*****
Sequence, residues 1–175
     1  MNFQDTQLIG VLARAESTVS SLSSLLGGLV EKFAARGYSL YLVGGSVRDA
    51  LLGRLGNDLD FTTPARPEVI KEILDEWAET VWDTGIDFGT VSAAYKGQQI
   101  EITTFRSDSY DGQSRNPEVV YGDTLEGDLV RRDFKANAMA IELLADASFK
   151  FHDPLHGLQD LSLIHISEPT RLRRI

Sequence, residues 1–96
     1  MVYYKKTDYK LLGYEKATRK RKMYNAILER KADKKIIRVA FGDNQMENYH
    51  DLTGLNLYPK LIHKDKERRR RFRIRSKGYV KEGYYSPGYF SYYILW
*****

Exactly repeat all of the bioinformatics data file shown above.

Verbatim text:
Sequence, residues 1–175
     1  MNFQDTQLIG VLARAESTVS SLSSLLGGLV EKFAARGYSL YLVGGSVRDA
    51  LLGRLGNDLD FTTPARPEVI KEILDEWAET VWDTGIDFGT VSAAYKGQQI
   101  EITTFRSDSY DGQSRNPEVV YGDTLEGDLV RRDFKANAMA IELLADASFK
   151  FHDPLHGLQD LSLIHISEPT RLRRI

Sequence, residues 1–96
     1  MVYYKKTDYK LLGYEKATRK RKMYNAILER KADKKIIRVA FGDNQMENYH
    51  DLTGLNLYPK LIHKDKERRR RFRIRSKGYV KEGYYSPGYF SYYILW